The Environmental Protection Act ( Eal ) Stockpiles Of Sand
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You asked that I provide you with my advice respecting Elmira Aggregate Ltd. (EAL) stockpiles of sand. In particular, you asked that I provide advice as to whether EAL breached s.15 of the Environmental Protection Act by failing to notify the Ministry of a discharge of contaminate. As elaborated below, I am of the view that EAL has breached s.15 of the Environmental Protection Act (EPA), as the discharge created is likely to cause an adverse event.
Did EAL fail to notify the Ministry of a discharge of contaminant?
The rule of s.15 of the EPA is described in Castonguay Blasting Ltd. V. Ontario, 2013 SCC 52. It is required that the Ministry of the Environment be immediately notified when a contaminant is discharged into the environment. There are two pre-conditions to this reporting requirement- the discharge must have been out of the normal course of events and it must have had- or was likely to have- an adverse environmental impact. It is also required that the Ministry be notified of a discharge of a contaminant without waiting for proof that the natural environment has been impaired.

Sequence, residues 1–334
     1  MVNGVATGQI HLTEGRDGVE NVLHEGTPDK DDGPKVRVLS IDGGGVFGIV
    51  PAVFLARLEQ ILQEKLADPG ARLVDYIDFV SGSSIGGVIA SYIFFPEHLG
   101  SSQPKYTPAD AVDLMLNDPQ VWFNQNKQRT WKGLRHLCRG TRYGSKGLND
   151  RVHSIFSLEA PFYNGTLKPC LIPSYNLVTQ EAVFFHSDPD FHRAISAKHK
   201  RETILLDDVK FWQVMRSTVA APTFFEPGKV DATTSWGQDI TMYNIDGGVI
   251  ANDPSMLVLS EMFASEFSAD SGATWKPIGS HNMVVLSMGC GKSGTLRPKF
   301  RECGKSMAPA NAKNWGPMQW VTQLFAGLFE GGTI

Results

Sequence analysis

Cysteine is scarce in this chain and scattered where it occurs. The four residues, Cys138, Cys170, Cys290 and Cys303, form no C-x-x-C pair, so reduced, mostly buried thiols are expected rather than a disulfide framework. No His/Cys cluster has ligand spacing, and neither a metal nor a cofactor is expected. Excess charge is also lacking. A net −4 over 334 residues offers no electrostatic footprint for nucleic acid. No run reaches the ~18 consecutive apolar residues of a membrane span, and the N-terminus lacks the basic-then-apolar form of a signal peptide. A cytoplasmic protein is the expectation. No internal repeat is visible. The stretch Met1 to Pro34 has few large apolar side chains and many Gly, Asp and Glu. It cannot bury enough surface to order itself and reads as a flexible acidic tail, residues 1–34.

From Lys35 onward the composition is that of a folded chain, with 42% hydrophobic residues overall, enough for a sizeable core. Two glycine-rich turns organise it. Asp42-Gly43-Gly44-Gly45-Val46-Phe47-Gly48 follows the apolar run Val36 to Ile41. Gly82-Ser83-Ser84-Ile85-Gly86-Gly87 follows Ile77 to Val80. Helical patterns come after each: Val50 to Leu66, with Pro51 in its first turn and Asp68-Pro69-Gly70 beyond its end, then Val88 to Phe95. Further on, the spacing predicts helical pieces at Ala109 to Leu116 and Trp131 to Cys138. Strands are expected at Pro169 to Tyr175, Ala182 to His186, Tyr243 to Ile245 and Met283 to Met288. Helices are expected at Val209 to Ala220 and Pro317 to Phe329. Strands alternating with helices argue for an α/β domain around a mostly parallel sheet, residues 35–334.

Was there a discharge of a contaminant?
A discharge is described in S. 1 (1) of the EPA as, when used as a verb, includes add, deposit, leak or emit and, when used as a noun, addition, deposit, emission or leak. A contaminant is described as any solid, liquid, gas, odour, heat, sound, vibration, radiation or combination of any of them resulting directly or indirectly from human